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A Fun Train of Thought

I’m heartened by Christopher Conkey’s piece in the WSJ today saying that Amtrak is getting more financial and political support than ever. And about time too! My imagination was also sparked by a stray metonym: One measure of progress will … Continue reading

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The Economics of Checked Baggage

What to make of Delta’s new sliding scale for checking bags? On domestic flights, the first bag is free, the second is $50, and the third is $125. This kind of thing is the exact opposite of most retail economics, … Continue reading

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Why Hotel Wifi is Broken

I’m never going to stay at the Hotel Felix again. Why? Lots of little things, which I shan’t bore you with. But one of them is their idiotic system of charging for wifi – the subject of Joe Brancatelli’s column … Continue reading

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Making Money in the Airline Industry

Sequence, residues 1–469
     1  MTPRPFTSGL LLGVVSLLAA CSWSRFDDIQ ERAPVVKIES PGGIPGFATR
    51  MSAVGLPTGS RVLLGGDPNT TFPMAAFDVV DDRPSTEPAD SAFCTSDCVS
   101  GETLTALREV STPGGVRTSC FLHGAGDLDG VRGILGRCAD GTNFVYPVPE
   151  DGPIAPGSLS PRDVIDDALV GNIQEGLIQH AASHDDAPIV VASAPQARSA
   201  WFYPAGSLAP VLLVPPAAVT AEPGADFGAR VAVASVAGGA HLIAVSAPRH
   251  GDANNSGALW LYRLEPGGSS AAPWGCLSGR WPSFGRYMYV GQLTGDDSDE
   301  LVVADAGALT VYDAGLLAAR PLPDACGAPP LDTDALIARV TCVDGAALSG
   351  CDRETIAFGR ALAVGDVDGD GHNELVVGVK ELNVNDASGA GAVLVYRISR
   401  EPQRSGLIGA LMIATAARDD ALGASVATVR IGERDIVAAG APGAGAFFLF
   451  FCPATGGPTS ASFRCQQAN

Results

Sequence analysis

Eos? Dead. Maxjet? Dead. Silverjet? Dead. Clearly, anybody starting a business-class-only airline would be better taking classes in business. But astonishingly, it seems that the founders of the last airline standing in this market, L’Avion, are actually going to make … Continue reading

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Improbable Predictions, Airport Security Edition

Joe Sharkey talks to Kip Hawley, the director of the Transportation Security Administration, about new checkpoint-friendly laptop bags: Mr. Hawley said he did not expect that the new laptops would create undue confusion after their introduction, since security officers would … Continue reading